Stock market jumps at news that economy added 163,000 jobs in July
Wall Street reacts with glee to higher-then-expected job growth in July, led by the auto sector and restaurants. But for the millions of jobless, the key figure in Friday's report may be the unemployment rate, which ticked up to 8.3 percent.
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“The rally started in Europe, where investors interpreted comments from Mario Draghi, the head of the European Central Bank, in a positive way,” says Fred Dickson, chief investment strategist at D.A. Davidson & Co. in Lake Oswego, Ore. “Then, the jobs numbers helped to sustain it. Wall Street had lower expectations for the numbers."Skip to next paragraph
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The gain on Wall Street, if it is sustained, would erase loses over the prior three days of the week. However, Mr. Dickson warns that historically August is the poorest-performing month of the year.
Back on Main Street, the top drivers for the job gains in July were the auto sector and some renewed hiring in the restaurant industry.
In the case of autos, which added 12,800 jobs for the month – out of a gain of 29,000 for manufacturing – much of the improvement in jobs was the result of the auto companies delaying their normal summer layoffs that take place when they close assembly lines to retool them for the coming new model year. A main reason for the delay: better-than-expected demand from businesses, which had delayed buying new cars and trucks.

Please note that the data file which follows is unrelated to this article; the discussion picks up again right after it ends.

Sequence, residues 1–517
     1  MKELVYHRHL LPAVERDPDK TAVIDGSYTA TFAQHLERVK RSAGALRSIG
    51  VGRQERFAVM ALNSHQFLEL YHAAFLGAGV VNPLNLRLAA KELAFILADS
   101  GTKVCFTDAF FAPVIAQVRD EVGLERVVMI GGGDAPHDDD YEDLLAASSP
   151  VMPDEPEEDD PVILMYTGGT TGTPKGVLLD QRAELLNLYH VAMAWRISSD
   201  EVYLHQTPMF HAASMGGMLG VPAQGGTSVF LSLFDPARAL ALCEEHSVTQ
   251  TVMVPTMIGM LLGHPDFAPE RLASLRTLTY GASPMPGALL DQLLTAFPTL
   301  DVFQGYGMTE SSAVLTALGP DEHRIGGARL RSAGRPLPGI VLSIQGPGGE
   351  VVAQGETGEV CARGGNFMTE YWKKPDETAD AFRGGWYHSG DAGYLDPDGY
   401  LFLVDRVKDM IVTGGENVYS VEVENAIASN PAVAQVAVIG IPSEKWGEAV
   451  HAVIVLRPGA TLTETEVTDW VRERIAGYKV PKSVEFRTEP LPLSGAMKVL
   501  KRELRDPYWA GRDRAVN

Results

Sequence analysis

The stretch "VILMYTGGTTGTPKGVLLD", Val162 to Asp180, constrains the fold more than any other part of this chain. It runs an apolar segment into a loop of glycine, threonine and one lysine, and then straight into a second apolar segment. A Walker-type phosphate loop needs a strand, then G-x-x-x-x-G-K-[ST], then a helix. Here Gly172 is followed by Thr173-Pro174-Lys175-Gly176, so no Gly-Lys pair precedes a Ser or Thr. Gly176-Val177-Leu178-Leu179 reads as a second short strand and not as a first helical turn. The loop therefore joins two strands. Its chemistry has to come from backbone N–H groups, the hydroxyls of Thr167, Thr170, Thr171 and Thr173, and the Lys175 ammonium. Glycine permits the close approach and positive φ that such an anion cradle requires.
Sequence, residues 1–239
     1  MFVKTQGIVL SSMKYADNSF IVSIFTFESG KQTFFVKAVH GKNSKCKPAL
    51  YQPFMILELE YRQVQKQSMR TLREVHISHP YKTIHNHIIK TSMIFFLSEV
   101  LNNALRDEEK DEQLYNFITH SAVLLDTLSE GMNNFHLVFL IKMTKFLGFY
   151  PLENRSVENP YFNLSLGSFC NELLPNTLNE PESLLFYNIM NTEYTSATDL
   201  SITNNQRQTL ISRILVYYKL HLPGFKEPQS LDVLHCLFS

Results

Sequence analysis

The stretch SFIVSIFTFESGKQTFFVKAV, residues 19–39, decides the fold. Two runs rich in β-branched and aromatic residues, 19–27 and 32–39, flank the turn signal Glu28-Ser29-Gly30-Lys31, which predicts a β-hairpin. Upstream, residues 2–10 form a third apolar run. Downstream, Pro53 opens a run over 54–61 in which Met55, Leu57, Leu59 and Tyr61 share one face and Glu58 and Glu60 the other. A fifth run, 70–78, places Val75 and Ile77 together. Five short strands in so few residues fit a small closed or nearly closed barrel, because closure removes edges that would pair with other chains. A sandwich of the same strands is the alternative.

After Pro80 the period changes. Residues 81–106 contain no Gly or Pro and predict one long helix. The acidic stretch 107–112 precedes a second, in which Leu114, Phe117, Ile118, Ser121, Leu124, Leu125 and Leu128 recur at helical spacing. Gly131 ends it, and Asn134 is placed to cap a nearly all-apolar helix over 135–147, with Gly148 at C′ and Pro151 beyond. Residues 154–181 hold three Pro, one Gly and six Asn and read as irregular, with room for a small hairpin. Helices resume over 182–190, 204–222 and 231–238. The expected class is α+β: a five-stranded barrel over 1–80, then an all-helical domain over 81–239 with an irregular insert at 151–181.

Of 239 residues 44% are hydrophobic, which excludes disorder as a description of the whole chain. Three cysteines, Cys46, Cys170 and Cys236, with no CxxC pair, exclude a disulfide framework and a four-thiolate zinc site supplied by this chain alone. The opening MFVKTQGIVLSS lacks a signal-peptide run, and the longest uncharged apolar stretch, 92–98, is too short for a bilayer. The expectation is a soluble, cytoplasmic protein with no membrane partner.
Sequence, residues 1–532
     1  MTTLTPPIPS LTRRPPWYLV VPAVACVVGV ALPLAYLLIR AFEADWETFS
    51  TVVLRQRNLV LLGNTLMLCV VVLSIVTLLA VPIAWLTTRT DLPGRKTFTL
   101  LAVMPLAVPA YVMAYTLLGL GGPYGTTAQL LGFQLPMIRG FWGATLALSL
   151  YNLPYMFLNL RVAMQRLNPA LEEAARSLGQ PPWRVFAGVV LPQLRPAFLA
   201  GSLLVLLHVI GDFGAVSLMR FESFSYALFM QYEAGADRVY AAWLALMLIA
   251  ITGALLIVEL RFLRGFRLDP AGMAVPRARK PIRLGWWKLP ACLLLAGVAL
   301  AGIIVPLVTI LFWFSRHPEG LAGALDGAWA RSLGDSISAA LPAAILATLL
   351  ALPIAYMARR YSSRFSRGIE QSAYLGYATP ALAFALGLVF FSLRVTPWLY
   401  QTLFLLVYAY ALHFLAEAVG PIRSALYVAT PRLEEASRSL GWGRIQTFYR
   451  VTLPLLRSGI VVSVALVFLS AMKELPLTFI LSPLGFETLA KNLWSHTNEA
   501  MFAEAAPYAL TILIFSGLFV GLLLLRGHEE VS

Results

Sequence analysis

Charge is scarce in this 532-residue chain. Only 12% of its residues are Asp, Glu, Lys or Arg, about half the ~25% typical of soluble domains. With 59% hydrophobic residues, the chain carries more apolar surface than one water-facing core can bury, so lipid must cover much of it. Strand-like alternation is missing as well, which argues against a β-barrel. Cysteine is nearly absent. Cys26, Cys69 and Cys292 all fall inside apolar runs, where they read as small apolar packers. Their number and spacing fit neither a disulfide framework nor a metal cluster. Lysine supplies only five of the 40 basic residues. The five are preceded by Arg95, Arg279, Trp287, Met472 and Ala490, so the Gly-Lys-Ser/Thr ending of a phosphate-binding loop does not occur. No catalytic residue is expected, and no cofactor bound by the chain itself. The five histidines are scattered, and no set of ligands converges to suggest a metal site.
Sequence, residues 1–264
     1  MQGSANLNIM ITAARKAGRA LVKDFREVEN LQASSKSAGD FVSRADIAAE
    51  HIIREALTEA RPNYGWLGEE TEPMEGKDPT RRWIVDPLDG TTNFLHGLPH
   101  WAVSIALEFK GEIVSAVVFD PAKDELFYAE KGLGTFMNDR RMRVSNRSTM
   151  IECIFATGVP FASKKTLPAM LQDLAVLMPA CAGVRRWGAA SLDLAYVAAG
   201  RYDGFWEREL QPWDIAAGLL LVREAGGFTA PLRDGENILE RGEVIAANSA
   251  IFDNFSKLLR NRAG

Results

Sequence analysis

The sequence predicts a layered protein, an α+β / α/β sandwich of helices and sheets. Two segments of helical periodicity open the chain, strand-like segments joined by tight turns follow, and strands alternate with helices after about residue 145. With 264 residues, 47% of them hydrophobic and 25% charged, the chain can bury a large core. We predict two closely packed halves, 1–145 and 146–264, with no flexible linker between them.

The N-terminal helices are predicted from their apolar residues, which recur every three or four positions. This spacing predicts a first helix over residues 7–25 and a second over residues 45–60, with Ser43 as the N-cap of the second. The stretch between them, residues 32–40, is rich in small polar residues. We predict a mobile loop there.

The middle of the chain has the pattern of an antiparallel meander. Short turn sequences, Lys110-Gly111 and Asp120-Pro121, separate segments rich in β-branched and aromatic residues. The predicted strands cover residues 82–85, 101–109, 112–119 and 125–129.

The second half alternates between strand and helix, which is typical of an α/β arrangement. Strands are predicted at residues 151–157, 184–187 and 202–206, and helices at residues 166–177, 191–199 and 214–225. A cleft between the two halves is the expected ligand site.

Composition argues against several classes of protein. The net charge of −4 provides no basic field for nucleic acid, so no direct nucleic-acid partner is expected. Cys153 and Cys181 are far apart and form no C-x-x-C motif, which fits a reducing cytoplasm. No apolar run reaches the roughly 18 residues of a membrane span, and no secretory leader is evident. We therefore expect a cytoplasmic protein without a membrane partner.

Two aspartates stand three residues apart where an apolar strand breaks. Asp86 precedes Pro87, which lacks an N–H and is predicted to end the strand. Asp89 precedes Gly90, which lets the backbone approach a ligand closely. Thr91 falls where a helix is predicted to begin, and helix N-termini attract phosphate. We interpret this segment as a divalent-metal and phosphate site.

“About one-third of all cars and two-thirds of all trucks are bought by business,” explains Dan Meckstroth, chief economist for the Manufacturers Alliance for Productivity and Innovation in Arlington, Va. “What we are seeing is that the replacement cycle is due – it has gotten to the point where it is too expensive to repair the vehicles; they are not worth fixing any more.”
From the consumer standpoint, relatively low-cost auto loans are available, he notes. “Interest rates for auto loans are very low,” he says.
The improvement in hiring in the restaurant and bar business, which added 29,000 jobs in July, might also be a good omen for the economy, says Mr. Dickson. “If people are eating out more, that’s a good sign,” he says.
Dickson says he and his wife were eating out recently at a Macaroni Grill, a national chain. “The manager told me that business was up about 6 percent year over year,” he says. “But [customers] are spending less per visit – ordering fewer desserts.”
In Atlanta, the Olmstead Restaurant, a new fine-dining Southern establishment opening this fall, is now looking to fill between 20 and 40 jobs, ranging from cooks to front-of-house managers.
"Our take on the market is that it is fairly strong here in Atlanta," says Hunter Jefferson, one of the principal owners. He says they “feel very optimistic about the economy right now.”
July also brought an increase of 49,000 jobs for professional and business services. Within that group, temp services added 14,000 jobs. Sometimes an improvement in temp hiring is a prelude to businesses getting ready to hire more people full-time.
However, employment of government officials continued to decline, as it has all year. According to the BLS, there was a decline of 9,000 government jobs in July.
Mr. Brown says the overall jobs numbers, while better, need to be sustained.
“It’s only one month,” he cautions. “We need to see the trend continue.”